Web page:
Thursday, March 13, 2008

The National Gallery of Art & Paul Mellon & Me

J.M.W. Turner:
British, 1775 - 1851
Keelmen Heaving in Coals by Moonlight, 1835
oil on canvas, 92.3 x 122.8 cm (36 3/8 x 48 3/8 in.)
Widener Collection
National Gallery of Art

Strange though it may sound, on this day alone in the Last House I managed to do a half decent job cleaning the kitchen while also viewing a film on my iPod. This wouldn't be possible with most movies, but this one was made last year under the auspices of the National Gallery of Art in tribute to Paul Mellon and it is mostly made up of still pictures. The pictures are of the life, times and masterpieces of art collected by the Mellon family, with narration of a text written by PM (though not read by him). That is to say, the pace is sufficiently leisurely that you don't need to look at the screen every second. You can clean a sink and watch a family photo or a masterpiece by Reynolds flit by. That isn't to say it was boring. Coming so close on my finishing listening to The House of Mirth, I seem to be continuing in the gilded age. I downloaded the film as part of my quest for free material for my iPod. It's amazing what the National Gallery has available at its website. I'll post a link. All the great museums of the word are doing the same and isn't that mindblowing in a fabulous way?

Anyway, back to Mellon. I am a little surprised to say that, although the film dwelled a bit too long on his race horsing career (buyer and breeder thereof), it was a moving sort of documentary. Mellon is dead (he died in 1999) and though I have been to the National Gallery a few times and knew his connection vaguely, I didn't know much of anything about him. His claim to fame was that he was the Son of a Very Rich Man. It was surprisingly interesting to hear from him what he made of this position.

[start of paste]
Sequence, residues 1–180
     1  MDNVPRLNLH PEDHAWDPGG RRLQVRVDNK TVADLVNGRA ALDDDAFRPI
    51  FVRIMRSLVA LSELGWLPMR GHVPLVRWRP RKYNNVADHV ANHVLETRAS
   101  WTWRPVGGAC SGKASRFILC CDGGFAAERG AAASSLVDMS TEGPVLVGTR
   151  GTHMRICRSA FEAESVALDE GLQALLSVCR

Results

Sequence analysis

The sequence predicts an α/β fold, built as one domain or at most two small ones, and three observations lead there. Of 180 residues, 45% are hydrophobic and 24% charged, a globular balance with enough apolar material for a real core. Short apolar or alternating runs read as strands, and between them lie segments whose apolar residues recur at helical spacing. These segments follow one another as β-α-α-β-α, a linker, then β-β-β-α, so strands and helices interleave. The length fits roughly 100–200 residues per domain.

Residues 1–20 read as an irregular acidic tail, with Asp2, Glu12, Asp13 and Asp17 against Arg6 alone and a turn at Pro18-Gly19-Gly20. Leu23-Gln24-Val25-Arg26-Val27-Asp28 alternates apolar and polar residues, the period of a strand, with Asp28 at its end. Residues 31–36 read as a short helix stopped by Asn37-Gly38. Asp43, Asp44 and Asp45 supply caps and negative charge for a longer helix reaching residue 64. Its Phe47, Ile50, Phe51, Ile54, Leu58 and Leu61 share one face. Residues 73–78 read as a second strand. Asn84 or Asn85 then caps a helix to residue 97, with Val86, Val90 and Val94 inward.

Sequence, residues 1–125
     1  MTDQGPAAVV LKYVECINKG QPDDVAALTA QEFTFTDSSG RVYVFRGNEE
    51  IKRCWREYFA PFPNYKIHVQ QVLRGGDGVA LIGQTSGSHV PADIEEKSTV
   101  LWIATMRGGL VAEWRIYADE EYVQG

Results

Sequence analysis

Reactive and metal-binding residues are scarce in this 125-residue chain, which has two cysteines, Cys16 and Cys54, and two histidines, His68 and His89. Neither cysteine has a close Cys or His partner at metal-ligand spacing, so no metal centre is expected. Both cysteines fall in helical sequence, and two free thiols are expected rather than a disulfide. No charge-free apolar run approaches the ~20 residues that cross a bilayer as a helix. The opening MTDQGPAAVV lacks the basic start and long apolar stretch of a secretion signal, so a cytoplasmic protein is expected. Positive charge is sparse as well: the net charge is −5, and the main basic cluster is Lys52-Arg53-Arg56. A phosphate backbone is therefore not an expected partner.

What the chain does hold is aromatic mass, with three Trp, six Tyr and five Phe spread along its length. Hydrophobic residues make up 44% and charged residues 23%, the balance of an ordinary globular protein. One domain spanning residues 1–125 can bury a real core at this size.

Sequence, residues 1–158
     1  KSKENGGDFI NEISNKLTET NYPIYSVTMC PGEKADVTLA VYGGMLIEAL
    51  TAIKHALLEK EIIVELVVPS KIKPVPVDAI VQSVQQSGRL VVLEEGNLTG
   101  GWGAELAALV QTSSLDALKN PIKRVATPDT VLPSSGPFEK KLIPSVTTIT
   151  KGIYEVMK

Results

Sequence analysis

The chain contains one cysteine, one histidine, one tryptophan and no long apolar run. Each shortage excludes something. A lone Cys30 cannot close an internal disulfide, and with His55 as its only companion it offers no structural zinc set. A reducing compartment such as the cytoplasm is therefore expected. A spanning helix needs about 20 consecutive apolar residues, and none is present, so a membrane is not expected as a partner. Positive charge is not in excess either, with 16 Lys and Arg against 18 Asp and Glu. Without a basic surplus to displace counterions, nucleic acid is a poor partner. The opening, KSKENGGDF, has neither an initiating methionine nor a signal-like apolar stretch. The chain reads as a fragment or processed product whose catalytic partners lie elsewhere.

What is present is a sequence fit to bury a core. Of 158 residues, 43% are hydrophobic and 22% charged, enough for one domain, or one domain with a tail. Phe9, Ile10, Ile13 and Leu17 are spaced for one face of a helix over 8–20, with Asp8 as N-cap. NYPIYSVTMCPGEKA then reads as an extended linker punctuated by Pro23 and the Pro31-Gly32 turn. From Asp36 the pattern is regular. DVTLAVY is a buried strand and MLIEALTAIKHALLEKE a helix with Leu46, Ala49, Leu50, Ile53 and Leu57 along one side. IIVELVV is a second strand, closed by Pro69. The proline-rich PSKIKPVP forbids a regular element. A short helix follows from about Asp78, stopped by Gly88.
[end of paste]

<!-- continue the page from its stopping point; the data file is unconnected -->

He clearly recognized the strangeness of his place in the world and yet, made a good thing of it. He used his wealth to enjoy himself and indulge his passions, but the passions were informed and intelligent and (aside from the racing) did much to benefit his fellow Americans. He was also drawn to British art, sports, country life. I, as you few faithful readers know, have the same interest - although it plays itself out in a less fabulous fashion here at the last house. (No masterpieces or throughbreds anywhere in sight). So, though I am not a Mellon, I feel him to be a kind of kindred spirit if not, unfortunately, an actual blood relative.

Here's what the website says about this film:

This film celebrates the spirit and philosophy of Paul Mellon. The narration is comprised of his own words drawn from interviews, speeches and a variety of writings. He takes us on a gentle journey into his passions and interests in life including family, art, collecting, horses, and racing. The film captures the gentle nature and wisdom of an extraordinary man.

I take my hat off to the NGA for producing this, now that there is no point in sucking up to the benefactor.

Back down here on planet earth, the sun is shining beautifully today though it is very cold for March. I drove the kids to Morrisville this AM in the Camry (15 years old 216,000 miles and no snow tires - proof of the distance between the Mellon family and yours truly, if any were needed). The weather forecast yesterday had been for dry cold weather over night. Wrong. We spent the last 20 miles of the trip on roads on which one might have skated. Kids were 1/2 hour late to school. Almost time to go get them again. Yikes.